Haphephobia has affected all my relationships, but actually, I think women respond to me much more positively than other guys. I think it's because they can tell that I have no interest in sex with them. A lot of them also assume I'm gay. I don't know what it's like to be a woman, but it seems like they have to walk through life feeling like every guy wants to grope them, and that sounds like hell.
But just because I don't like being touched doesn't mean that I don't have a sex drive. It's just that I'm not going to act on it unless I'm incredibly comfortable. One time, my friends talked me into taking a drunk girl home from the bar because she couldn't drive. I didn't realize it at the time, but they were trying to get me laid. Just for those kinds of moments, I wore a protective ring on my wedding finger. I told the girl I was married, and she could sleep on the couch. I didn't sleep that night because I was afraid she'd come into my room and try to have sex with me anyway.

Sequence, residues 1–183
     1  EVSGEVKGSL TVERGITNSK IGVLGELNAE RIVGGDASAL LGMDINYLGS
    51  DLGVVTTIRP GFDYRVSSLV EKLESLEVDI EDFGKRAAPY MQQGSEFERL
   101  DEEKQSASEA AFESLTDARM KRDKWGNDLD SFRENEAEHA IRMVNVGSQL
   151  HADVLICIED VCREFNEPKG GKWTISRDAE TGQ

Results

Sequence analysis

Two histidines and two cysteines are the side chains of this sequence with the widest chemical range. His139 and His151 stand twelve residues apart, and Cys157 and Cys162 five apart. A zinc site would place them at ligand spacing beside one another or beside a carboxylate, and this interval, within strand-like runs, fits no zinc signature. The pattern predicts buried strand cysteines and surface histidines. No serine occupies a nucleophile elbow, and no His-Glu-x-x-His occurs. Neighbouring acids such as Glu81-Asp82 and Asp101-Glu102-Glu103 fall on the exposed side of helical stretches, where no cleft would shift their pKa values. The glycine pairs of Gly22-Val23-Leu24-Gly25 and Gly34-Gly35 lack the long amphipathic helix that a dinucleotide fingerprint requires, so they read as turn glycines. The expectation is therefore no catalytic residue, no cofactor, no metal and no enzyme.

Continued below. For a little something related:
There have been a few close friends that I was romantically interested in. When I would attempt to have sex with them, my heart would race, and I'd end up getting absolutely no pleasure out of the experience. Of course, this made the women I slept with very self-conscious about themselves, so I started self-medicating with alcohol to calm down. Then I could also blame my inability to ejaculate on the beer.
This is one of the reasons I fell into alcoholism, which is how I met a nurse who helped me through my anxiety surrounding physical contact. She would hold out her hand and tell me it was OK to touch it and it wouldn't hurt. Then she had me touch her arm, or she'd touch my face and tell me that it wasn't bad. It was uncomfortable, but she found a way to make it funny. We ended up getting married. I couldn't have done it without her. Also, my wife has two children. I've lived with them for about two years, and I have never touched them. Not even an accidental hand graze.